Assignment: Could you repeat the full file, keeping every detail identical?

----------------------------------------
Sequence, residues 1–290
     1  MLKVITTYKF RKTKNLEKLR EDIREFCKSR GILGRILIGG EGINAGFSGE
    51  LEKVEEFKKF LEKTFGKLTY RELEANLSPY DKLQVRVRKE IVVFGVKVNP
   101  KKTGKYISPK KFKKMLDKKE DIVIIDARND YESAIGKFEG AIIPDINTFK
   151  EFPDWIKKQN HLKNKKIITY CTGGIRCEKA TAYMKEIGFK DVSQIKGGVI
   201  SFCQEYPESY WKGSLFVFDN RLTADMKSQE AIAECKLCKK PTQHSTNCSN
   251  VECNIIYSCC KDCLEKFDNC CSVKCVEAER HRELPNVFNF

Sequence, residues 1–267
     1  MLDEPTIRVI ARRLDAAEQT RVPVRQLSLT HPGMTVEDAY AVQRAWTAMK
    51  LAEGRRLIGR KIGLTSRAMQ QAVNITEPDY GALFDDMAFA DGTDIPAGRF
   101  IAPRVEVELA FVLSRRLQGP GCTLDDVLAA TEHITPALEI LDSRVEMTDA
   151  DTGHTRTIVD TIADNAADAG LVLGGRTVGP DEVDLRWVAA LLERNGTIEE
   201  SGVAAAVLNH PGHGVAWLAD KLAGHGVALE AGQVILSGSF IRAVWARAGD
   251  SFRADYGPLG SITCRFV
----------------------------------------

Sequence, residues 1–290
     1  MLKVITTYKF RKTKNLEKLR EDIREFCKSR GILGRILIGG EGINAGFSGE
    51  LEKVEEFKKF LEKTFGKLTY RELEANLSPY DKLQVRVRKE IVVFGVKVNP
   101  KKTGKYISPK KFKKMLDKKE DIVIIDARND YESAIGKFEG AIIPDINTFK
   151  EFPDWIKKQN HLKNKKIITY CTGGIRCEKA TAYMKEIGFK DVSQIKGGVI
   201  SFCQEYPESY WKGSLFVFDN RLTADMKSQE AIAECKLCKK PTQHSTNCSN
   251  VECNIIYSCC KDCLEKFDNC CSVKCVEAER HRELPNVFNF

Sequence, residues 1–267
     1  MLDEPTIRVI ARRLDAAEQT RVPVRQLSLT HPGMTVEDAY AVQRAWTAMK
    51  LAEGRRLIGR KIGLTSRAMQ QAVNITEPDY GALFDDMAFA DGTDIPAGRF
   101  IAPRVEVELA FVLSRRLQGP GCTLDDVLAA TEHITPALEI LDSRVEMTDA
   151  DTGHTRTIVD TIADNAADAG LVLGGRTVGP DEVDLRWVAA LLERNGTIEE
   201  SGVAAAVLNH PGHGVAWLAD KLAGHGVALE AGQVILSGSF IRAVWARAGD
   251  SFRADYGPLG SITCRFV